Mr David Quammen, renowned investigative journalist, joined the Environment Society this week via Zoom to give his perspective on ‘the Ecology of Emerging Viruses’.
Starting on a very topical note, we were introduced to the origins of viruses, which are often detected in wildlife. Historically, humans were able to largely avoid contracting dangerous viruses from nature, but as humans interacted more closely with the animal kingdom, spillover began to occur, the technical term when a virus is transmitted from its host species to another. More specifically, ‘zoonosis’ describes infections that are transmissible directly to humans, with bubonic plague the most famous example of a zoonotic virus.
From here, our hyper-connected world ensures the potential for things to spiral out of control. Once a virus has spread across a country, it is classed as an epidemic. When the virus has spread globally, it is a pandemic, a term we are all familiar with by now. The threat of new viruses, just like COVID-19, is ever- increasing. As we continue to denude the natural habitats of wild animals, humanity is driven closer to the animal world whilst animal species are driven into human settlements in order to find food and habitats, increasing the risk of spillover.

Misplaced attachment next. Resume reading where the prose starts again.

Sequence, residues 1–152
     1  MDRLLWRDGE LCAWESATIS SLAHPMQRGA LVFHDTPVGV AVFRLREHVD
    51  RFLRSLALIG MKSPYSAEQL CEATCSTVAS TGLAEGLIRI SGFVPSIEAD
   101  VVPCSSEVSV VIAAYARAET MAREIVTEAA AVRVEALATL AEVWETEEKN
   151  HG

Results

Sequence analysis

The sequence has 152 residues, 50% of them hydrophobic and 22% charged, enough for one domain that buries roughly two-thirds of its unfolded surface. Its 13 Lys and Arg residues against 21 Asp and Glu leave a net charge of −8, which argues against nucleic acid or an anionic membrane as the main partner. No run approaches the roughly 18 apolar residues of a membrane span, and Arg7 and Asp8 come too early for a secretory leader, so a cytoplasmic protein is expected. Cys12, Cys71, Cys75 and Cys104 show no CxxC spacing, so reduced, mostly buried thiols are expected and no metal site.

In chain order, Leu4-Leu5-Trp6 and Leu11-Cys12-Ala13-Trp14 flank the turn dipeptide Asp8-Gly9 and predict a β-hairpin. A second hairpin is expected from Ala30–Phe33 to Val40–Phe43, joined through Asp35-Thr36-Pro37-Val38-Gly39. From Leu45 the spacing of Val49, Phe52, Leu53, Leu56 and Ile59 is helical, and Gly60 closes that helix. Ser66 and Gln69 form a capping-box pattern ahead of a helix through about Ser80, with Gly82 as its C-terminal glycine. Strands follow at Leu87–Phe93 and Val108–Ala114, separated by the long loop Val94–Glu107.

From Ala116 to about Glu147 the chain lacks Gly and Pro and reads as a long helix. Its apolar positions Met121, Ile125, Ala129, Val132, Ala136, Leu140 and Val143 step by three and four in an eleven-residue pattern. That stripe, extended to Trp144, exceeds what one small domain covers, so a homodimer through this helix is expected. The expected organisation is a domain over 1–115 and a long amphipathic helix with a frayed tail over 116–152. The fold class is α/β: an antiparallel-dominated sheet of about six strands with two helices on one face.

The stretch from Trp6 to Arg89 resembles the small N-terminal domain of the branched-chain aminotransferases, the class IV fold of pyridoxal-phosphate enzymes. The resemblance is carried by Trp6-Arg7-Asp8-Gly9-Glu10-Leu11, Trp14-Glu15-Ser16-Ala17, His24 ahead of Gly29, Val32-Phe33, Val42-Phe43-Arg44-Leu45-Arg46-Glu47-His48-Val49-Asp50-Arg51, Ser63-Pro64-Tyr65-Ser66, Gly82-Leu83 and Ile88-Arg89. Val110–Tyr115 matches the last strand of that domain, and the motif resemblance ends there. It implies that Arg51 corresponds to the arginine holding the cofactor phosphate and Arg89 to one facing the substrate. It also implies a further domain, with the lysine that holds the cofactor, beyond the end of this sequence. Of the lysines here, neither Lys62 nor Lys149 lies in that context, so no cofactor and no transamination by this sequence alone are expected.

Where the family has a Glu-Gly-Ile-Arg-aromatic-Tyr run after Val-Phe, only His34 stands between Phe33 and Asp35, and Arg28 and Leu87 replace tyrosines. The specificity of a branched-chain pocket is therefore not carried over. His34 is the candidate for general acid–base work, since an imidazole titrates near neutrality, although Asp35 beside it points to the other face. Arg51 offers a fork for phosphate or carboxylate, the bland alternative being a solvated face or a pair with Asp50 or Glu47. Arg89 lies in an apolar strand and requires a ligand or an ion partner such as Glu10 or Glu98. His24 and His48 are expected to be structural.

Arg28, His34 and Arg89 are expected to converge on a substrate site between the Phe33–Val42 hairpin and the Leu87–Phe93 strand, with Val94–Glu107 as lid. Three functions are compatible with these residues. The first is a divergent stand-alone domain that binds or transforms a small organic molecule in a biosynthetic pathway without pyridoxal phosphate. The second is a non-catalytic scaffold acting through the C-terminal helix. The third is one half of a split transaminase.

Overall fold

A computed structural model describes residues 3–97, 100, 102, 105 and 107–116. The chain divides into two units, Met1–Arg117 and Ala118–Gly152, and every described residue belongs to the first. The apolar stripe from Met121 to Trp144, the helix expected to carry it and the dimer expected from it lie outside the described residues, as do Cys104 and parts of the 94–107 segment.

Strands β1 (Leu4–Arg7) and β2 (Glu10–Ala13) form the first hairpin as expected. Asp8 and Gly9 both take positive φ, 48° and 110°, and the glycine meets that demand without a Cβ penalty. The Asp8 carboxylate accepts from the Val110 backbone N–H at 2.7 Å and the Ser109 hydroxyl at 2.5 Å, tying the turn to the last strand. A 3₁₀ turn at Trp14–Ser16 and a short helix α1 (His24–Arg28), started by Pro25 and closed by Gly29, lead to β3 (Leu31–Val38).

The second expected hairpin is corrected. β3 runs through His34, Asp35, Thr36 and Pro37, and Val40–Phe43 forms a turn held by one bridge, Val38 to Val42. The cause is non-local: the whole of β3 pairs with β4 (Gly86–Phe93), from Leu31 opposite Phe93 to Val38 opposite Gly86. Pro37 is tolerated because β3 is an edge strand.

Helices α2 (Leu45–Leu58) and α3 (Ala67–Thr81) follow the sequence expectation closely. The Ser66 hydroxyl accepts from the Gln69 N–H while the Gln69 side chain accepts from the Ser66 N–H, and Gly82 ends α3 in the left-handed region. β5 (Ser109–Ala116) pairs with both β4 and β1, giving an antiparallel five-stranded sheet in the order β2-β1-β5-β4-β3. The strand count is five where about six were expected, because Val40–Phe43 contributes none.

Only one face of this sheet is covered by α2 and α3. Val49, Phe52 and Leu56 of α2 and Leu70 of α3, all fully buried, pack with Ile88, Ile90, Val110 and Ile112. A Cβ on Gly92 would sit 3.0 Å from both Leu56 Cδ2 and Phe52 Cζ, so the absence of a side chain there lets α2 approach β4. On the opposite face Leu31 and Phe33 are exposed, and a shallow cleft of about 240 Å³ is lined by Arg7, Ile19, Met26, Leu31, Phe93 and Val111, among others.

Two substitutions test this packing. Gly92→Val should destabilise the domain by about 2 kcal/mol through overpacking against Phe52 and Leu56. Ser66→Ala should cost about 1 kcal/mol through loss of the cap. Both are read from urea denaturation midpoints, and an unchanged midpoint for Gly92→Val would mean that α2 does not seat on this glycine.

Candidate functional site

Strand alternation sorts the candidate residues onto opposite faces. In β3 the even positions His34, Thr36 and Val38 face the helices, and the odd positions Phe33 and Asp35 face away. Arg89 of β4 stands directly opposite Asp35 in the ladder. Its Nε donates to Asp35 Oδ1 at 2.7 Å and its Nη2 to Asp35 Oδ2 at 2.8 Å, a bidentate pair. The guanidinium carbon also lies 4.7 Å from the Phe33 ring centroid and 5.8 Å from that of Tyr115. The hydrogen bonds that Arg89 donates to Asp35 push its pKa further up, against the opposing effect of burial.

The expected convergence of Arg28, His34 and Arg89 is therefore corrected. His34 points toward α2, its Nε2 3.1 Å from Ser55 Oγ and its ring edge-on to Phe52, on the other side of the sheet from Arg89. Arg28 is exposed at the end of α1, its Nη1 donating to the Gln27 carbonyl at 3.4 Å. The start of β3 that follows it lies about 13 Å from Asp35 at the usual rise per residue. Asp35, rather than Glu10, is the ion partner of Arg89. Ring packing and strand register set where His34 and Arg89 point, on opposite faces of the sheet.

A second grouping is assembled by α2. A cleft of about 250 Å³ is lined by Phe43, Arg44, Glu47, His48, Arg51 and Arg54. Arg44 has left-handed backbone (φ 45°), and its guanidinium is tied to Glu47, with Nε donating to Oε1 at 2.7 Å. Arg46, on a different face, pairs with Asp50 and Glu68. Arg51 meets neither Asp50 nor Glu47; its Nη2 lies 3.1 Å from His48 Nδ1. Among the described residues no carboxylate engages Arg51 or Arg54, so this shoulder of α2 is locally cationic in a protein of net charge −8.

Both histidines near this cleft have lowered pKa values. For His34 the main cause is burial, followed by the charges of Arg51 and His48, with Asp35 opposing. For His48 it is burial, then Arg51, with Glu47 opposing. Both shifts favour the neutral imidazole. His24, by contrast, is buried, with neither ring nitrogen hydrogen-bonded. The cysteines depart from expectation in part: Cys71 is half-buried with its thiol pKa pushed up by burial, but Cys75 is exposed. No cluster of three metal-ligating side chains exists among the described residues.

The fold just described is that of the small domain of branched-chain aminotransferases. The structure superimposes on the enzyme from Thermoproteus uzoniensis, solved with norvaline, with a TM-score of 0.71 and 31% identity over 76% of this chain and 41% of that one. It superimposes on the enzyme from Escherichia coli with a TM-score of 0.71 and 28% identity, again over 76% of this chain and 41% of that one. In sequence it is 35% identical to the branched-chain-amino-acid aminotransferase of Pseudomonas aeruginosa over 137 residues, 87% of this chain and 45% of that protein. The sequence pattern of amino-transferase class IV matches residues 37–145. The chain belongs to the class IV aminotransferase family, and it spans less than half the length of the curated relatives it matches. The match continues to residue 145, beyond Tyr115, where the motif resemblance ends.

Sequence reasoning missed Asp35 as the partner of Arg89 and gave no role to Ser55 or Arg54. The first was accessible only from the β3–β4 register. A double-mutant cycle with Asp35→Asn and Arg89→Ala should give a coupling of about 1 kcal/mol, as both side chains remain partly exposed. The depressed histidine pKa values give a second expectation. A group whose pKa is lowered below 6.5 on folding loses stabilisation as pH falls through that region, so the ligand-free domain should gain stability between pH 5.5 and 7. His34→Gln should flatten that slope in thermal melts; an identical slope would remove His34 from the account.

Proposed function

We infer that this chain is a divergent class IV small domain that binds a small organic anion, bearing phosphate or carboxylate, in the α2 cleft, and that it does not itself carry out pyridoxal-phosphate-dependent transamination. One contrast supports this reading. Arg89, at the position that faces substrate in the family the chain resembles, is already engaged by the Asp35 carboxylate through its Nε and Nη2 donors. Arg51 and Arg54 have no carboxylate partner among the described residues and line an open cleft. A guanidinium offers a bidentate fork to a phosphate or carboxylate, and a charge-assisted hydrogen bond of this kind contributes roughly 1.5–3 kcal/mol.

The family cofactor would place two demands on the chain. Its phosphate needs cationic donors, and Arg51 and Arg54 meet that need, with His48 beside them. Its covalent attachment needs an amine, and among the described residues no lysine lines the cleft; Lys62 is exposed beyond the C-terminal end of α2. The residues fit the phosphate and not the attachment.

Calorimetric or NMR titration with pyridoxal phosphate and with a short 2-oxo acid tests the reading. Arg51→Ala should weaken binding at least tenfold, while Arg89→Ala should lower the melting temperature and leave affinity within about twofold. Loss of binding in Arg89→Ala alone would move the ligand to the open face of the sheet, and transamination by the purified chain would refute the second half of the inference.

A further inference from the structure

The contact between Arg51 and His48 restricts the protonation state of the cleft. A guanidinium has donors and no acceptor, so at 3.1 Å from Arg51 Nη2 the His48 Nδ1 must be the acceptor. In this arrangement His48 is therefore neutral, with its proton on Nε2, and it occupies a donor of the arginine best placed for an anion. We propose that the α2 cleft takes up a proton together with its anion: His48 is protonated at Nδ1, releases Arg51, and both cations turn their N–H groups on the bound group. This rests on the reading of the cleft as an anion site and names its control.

There are now seven coronaviruses that are known to infect humans. One of the most famous of these is SARS-CoV-1. With a death rate of about one in ten, it spread across the world between 2002 and 2004, infecting thousands, and killing around 800 people. The major difference that allowed the spread to be halted much more quickly than the coronavirus that emerged at the end of 2019, was that the lack of asymptomatic spread. In the aftermath of SARS, scientists warned that it was highly likely that the next pandemic would be a coronavirus, and that if there were to be asymptomatic spread, it would be incredibly difficult to stop. The question is, did we prepare ourselves for what many scientists would have called the inevitable? However we come to answer this, Mr Quammen was clear that we the opportunity now, to adapt our pandemic preparedness policies and consider for what might be on the horizon.